Bonni Stachoiwiak did a great job interviewing me and editing this podcast on “Teaching in Higher Ed,” “How To See What We’re Missing in Higher Ed“: http://teachinginhighered.com/podcast/cathy-davidson/ Follow here on Twitter: Bonni Stachowiak @bonni208: Thanks so much, Bonni. It was great talking to you–and I love your blog and podcasts. “How to see what we’ve been missing in #highered” w/@CathyNDavidson #podcast #profchat Punchline: On higher education: “Most of the apparatus of our
LaGuardia Community College Professor Eduardo Vianna is featured in “Raising Ambitions: The Challenge in Teaching at Community Colleges,” an illuminating New York Times article by Ginia Bellafante. Vianna’s research and teaching methods, which concentrate on peer learning and student engagement, are very much aligned with the Futures Initiative’s goals. His work has had remarkable results: Three years ago, Dr. Vianna began a program at LaGuardia called the Peer Activist Learning
“Mapping the Futures of Higher Education” is a series of courses at the Graduate Center and throughout the CUNY system. It is also a collaborative, peer-driven movement to rethink the best ways of learning for higher education–and YOU are invited to participate. Here’s how: Sign up for the Futures Initiative Group on hastac.org and you will receive updates and public notices and opportunities to share your ideas and syllabi and
The Graduate Center’s Futures Initiative Director, Distinguished Professor Cathy Davidson, recently appeared on CNN’s @ThisHour to discuss higher education and its value. You can watch the full segment “Is college worth the cost?” on CNN’s website, here.
Reflections on Futures Initiative Open Session: Rethinking Evaluation and Assessment in Online and Blended Learning Environments
On December 8th, Dr. Anthony Picciano, Professor and Executive Officer of the PhD program in Urban Education, joined us for a Futures Initiative Open Session. This was a very topical kick-off to our Open Sessions as we are gearing up for our inaugural course, Mapping the Futures of Higher Education, being co-taught by Dr. Cathy Davidson and Dr. William Kelly in the Spring 2015 semester. Dr. Picciano, who attended Hunter
Cross-posted to the Futures Initiative HASTAC Group. Here are a baker’s dozen of the main principles of connected learning. As you will see, they form an “ecosystem,” where each component influences and changes the others. These apply in any field (although differently in each field). These principles draw from constructivist, engaged “public educators” (Stuart Hall’s term) going back as far as Lev Vygotsky and John Dewey and including Howard Gardner,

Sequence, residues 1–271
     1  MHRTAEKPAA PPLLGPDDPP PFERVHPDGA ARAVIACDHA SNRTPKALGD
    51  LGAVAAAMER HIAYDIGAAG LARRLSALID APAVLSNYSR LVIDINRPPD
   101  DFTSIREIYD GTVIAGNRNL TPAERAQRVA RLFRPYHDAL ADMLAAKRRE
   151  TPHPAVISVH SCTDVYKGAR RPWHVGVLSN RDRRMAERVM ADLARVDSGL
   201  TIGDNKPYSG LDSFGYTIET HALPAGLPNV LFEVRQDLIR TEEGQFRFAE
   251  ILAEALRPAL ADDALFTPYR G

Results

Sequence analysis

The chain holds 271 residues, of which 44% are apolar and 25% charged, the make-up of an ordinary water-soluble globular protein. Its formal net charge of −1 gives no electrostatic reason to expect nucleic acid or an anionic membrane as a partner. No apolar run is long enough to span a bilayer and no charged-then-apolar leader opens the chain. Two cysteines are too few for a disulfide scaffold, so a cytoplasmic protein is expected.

Cross-posted to the Futures Initiative HASTAC Group. As we begin to assemble the documents, materials, models, and course materials for “Mapping the Futures of Higher Education,” the first course offered by the Futures Initiative, I will keep posting some of our central documents. We will be hosting several livestreamed open sessions devoted to the methods, theories, ideas, models, and practices of this course. Yesterday I gave a “baker’s dozen” of
On December 1, 2014 the Futures Initiative along with JustPublics@365 and the Mina Rees Library at The Graduate Center, CUNY, hosted a discussion with Austin McLean, Director of Scholarly Communication and Dissertations Publishing at ProQuest®. Polly Thistlethwaite, Chief Librarian at the Mina Rees Library, opened the discussion with a look back at how the Graduate Center has historically dealt with the publication and archiving of dissertations. A Short Timeline of
NEWSLETTER: Winter Update Please click the above link to see our end-of-semester newsletter that includes all our events from the Fall 2014 semester and looks forward to the Spring 2015 semester.
A new report from the CUNY Office of Institutional Research and Assessment highlights the considerable economic impact of CUNY alumni in New York. Most CUNY alumni remain in New York after graduation, and given that 1.3 million students have earned CUNY degrees since 1966-67, their overall contribution to the state’s workforce is astonishing. In addition, CUNY institutions have a direct, positive impact on the local economy through partnerships with employers,